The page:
The rest of the trip consisted of attending the Dolly Parton Stampede, a fun show where you watch a performance while being served a meal. There were horses, and buffalo, and cowboys, and Indians.
The fun of the evening was captured in photos that they take of everyone when they first arrive, an act that would later seem like highway robbery. After posing for the photos, they would later interrupt your meal, and while you’re sitting in the darkness of the spectator area, and you’re caught up in the drama, and the fact that you’re on your first vacation with the grandchildren, they show you the photos. The sales pitch includes information about this package, or that package, and digital downloads, and prices, and the deal of the day. After trying to process the numerous options, I panicked. It was all too much. I don’t even remember what I said to them, but I was handed a stack of photos, and a card to download copies. They eagerly took my credit card and then moved on to the next gullible adult devoid of common sense while being on a vacation high.
Here are several of the photos. Notice my hair. In their “photo-shopping” they clipped off almost an entire side of my hair. You can actually see it stuck on other family members in some of the photos, something that escaped me when I was frantically previewing the pictures in the dark. (Notice, they used the same pictures with different backgrounds. Highway robbery, I say. I was the one who ordered them, though. That darn vacation high feeling!)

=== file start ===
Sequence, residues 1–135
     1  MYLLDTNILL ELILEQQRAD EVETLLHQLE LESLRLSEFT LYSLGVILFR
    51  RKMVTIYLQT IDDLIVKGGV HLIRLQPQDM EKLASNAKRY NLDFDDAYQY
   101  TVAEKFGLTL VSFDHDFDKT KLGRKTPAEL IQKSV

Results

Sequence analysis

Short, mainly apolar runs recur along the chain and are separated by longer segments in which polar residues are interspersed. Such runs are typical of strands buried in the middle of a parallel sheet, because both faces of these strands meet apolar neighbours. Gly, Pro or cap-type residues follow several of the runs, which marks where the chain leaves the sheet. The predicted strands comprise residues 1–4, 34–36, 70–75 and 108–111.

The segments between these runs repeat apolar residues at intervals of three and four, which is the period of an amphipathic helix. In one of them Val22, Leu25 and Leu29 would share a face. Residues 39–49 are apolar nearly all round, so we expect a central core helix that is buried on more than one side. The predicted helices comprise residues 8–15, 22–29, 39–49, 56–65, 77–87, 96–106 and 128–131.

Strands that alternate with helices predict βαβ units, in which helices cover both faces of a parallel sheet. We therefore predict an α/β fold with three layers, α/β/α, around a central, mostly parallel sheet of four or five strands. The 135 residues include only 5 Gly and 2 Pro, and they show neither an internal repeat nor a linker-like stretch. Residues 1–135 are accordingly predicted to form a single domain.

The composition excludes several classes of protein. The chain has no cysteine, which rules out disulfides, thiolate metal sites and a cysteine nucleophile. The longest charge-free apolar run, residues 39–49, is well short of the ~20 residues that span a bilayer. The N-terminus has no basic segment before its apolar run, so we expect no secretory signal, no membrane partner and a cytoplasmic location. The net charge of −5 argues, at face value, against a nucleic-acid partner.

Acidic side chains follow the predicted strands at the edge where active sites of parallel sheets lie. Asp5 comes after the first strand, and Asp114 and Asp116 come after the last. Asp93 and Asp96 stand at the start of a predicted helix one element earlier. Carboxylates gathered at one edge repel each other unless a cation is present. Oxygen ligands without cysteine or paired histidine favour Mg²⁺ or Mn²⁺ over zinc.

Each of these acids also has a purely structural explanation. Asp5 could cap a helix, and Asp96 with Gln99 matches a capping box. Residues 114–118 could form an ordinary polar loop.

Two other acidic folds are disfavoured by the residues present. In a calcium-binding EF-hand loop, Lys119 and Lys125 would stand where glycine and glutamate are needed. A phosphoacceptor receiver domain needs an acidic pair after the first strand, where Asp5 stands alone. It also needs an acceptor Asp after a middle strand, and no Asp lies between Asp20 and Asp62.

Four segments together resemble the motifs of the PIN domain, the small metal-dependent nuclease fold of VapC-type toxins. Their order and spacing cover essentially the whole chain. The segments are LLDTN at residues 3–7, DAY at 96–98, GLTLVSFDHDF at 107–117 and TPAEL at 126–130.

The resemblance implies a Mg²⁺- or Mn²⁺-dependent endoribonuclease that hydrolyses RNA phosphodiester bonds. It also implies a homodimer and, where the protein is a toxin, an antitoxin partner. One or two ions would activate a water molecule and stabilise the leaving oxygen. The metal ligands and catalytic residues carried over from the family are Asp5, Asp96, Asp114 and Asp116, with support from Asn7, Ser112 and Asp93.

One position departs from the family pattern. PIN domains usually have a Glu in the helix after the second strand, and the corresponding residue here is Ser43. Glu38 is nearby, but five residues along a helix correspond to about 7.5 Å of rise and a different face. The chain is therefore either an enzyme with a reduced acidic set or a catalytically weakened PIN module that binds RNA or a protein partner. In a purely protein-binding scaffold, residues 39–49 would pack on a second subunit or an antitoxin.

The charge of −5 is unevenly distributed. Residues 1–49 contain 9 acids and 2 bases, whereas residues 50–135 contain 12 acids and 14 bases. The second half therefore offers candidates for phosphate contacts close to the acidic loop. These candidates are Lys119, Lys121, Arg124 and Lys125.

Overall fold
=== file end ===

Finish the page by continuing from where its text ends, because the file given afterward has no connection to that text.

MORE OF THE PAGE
Dollywood did not disappoint. Although the day was a steamy kind of hot, the kids had fun, and those adults who didn’t enjoy it, endured it.
The day we left the cabin, the two drivers decided they wanted to drive back home in a day. We took a different route, and went through a tiny piece of Georgia, then crossed through Alabama, Mississippi, Louisiana, arriving back to God’s Country a little less than twelve hours later. On our way up, we went through Arkansas before entering Tennessee. The trip home seemed to go faster, as entering new states tended to break things up. We also had an extra passenger, as Cooper decided he wanted to ride back in “Sassy’s car.” He was perfect. He didn’t cry once, and he kept us entertained with his random comments and laughter.
When I look back on that trip, and the time we’ve spent with our family this summer, I think of this quote from Ted Lasso:
“I feel like we fell out of the lucky tree and hit every branch on the way down, ended up in a pool of cash and Sour Patch Kids.”
After covering the topics of Taking a Breather, and Taking Trips, I must address “Trying New Things.”